In the self-replicating world of grievance-mongering known as the Internet, it is hardly surprising that everything seems extreme. In a sea of a billion websites, the easiest way to get noticed is to be extreme, or to accuse others of being extreme. Nowhere is this more true than with political ideology, where conservatives and liberals battle to cripple the other side.
But which side is more extreme? Certainly, there's no shortage of claims in the media that conservatives are. Governor Andrew Cuomo is famous for claiming that 'extreme conservatives' are so extreme that they 'have no place in New York.' Even a left-leaning outlet like MSNBC is extremely conservative, according to Russell Brand. Google and Yahoo agree. A Google search for 'extreme conservative' returns 115 million hits compared with 78 million for 'extreme liberal.' Yahoo gives a similar ratio, with 4 million versus 3 million.
The odd part of this consensus is that the term conservative would seem to be the opposite of extreme. Liberals are known as being creative, radical, and willing to push the envelope; conservatives, not so much.
One way to approach this conundrum is to find an operational definition of extreme and then test how conservatives and liberals behave. Since talk is cheap but action is more meaningful, making beliefs operational is a way of ensuring honesty.
A non-partisan political analysis firm, Crowdpac, has done this by scoring the ideology of political donors based on the politicians to whom they have given money. For example, a donor who gives solely to highly liberal (Democrat?) politicians would be rated most liberal (10L) while one who gives solely to highly conservative (Republican?) politicians would be rated most conservative (10C).
Not surprisingly, Crowdpac found that some professions skew heavily one way or the other, with the entertainment industry and academia being the most liberal and mining, agriculture, and oil industries being the most conservative.
What is interesting, however, is the shape of each distribution. Consider newspapers and print media, which skew heavily liberal.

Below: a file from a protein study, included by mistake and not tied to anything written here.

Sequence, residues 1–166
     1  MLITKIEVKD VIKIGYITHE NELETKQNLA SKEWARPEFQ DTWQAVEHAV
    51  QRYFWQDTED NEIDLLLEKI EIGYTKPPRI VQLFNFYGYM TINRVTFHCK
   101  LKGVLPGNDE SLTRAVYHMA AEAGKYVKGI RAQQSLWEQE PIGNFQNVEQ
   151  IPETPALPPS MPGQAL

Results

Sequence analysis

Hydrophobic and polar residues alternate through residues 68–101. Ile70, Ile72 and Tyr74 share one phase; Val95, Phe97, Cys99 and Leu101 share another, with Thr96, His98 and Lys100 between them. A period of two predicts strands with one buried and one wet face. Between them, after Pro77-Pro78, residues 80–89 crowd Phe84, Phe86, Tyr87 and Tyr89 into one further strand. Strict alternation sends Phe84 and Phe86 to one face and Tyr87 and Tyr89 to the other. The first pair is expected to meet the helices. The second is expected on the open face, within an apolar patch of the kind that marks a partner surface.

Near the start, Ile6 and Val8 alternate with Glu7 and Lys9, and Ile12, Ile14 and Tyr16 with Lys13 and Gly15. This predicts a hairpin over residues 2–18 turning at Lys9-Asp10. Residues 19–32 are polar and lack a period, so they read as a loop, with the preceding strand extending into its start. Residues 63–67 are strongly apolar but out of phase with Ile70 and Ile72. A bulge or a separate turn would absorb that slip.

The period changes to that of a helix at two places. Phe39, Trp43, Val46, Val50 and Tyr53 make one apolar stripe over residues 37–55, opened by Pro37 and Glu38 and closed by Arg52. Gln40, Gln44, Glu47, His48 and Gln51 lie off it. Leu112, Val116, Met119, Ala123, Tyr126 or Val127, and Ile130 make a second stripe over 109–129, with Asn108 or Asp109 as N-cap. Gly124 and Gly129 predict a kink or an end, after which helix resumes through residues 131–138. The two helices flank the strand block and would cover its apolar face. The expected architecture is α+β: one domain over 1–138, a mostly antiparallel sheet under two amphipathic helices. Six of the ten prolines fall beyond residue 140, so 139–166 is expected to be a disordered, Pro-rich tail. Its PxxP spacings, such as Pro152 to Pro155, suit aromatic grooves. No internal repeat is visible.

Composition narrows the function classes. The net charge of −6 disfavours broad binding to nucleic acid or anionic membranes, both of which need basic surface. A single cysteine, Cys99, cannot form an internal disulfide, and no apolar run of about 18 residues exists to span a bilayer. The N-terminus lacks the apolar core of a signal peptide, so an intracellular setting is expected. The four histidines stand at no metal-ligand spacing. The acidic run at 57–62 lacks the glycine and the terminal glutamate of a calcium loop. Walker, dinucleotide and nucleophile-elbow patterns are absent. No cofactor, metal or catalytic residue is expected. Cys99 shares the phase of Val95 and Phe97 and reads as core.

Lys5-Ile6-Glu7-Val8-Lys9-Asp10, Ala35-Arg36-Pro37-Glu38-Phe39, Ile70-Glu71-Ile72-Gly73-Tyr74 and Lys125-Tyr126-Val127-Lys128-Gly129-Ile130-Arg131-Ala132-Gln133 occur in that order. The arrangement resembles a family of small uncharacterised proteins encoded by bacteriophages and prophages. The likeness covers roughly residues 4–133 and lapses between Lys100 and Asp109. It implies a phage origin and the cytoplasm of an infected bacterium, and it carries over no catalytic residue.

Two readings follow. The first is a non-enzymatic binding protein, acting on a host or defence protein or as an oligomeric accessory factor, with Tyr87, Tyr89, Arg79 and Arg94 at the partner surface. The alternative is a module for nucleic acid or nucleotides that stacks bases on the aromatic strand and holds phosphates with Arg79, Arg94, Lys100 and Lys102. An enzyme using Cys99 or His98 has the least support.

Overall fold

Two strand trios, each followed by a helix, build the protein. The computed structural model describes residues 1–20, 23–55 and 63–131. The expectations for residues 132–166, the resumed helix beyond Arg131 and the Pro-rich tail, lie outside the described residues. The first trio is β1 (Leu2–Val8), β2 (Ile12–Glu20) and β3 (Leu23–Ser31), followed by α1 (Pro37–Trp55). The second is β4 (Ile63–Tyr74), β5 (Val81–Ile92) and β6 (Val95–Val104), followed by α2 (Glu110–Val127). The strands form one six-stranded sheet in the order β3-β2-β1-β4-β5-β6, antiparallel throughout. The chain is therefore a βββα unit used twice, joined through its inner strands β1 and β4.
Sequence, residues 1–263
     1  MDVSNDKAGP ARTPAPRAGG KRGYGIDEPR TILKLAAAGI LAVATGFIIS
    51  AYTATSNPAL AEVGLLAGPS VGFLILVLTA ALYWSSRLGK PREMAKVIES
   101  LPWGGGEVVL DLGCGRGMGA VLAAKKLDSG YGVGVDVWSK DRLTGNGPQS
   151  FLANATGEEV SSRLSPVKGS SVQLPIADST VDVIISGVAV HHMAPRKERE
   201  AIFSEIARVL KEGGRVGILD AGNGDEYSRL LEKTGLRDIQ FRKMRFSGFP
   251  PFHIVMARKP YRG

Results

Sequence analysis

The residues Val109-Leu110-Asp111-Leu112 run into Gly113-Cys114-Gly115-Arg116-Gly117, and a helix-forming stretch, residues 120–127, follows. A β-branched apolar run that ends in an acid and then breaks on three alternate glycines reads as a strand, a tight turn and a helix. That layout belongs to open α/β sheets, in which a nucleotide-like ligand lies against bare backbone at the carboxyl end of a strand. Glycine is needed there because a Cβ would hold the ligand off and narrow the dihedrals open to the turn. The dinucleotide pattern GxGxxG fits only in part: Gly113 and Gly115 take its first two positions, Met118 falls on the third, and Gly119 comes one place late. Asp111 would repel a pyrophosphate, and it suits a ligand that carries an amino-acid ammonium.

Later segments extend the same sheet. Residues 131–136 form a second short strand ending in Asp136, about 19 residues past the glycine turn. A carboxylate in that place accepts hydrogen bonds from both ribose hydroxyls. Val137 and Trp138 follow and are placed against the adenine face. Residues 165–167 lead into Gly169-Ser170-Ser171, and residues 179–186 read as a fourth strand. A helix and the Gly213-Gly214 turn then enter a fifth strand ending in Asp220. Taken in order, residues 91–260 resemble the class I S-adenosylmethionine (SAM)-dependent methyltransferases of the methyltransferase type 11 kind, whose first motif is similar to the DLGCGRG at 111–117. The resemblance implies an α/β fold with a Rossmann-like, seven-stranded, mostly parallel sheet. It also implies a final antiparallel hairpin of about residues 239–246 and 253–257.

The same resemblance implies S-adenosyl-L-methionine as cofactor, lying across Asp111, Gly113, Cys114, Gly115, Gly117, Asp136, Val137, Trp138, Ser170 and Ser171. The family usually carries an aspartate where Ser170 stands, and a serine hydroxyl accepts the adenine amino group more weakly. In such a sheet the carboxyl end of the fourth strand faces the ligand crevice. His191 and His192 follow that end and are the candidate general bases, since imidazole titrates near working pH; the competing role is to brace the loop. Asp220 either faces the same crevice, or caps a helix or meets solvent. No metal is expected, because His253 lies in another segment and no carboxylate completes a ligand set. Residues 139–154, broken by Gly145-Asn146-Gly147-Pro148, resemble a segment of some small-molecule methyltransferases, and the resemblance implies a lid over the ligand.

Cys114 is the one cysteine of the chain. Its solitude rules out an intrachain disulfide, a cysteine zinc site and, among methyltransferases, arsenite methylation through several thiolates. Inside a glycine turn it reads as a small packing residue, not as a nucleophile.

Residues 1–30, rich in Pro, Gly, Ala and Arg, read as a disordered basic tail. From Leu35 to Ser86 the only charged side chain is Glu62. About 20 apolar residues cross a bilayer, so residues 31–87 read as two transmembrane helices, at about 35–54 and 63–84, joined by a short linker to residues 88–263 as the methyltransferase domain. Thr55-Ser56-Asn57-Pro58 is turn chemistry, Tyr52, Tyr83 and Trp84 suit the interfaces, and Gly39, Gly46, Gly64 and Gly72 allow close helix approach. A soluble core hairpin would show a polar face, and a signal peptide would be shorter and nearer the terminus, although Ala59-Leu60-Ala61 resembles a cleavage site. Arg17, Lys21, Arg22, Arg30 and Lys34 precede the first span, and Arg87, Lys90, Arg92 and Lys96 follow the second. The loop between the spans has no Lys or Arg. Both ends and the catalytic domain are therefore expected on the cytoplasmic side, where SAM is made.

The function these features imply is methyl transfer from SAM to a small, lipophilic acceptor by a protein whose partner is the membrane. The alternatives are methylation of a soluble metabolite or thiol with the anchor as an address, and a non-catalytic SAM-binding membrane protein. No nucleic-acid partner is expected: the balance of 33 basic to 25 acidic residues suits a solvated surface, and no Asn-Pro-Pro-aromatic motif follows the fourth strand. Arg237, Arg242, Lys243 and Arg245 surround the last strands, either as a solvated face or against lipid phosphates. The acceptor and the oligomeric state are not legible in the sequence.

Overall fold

It's not simply that liberal donors outweigh conservative ones. Rather, note that the modal response of those donors is most liberal (10L). That is, of all donors that could be rated liberal, being as-liberal-as-possible was the most popular choice. Conservative donors, by contrast, don't prefer to give to highly conservative politicians, with a modal response in the middle (7C).
The obvious claim in response to this data is to suggest that extreme conservatives have been weeded out by the left-leaning profession, and that truly extreme conservative donors go into other professions. If so, we should see the opposite skew in conservative professions, like oil, gas, & coal.
Here we see that conservatives strongly outweigh liberals, as expected. But note that the modal responses are the same as before. For the much smaller group of liberals, donors still prefer to give to the most liberal politicians over any other outcome. The dominant conservative group, on the other hand, is still relatively diverse and centrist, with a mode of 7C.
A thorough inspection of the Crowdpac data shows that these tendencies hold for all professions that skew either right or left: liberals have a modal rating of 10L while conservatives have a modal rating of 5C - 7C. Only in highly mixed professions, like hedge funds, lobbyists, and banking does the liberal mode shift to non-extreme values, like 7L, though the 10L response is never as small as 10C for any profession (except mining).
The data seem pretty clear. Extreme is as extreme does, and conservatives don't do it well.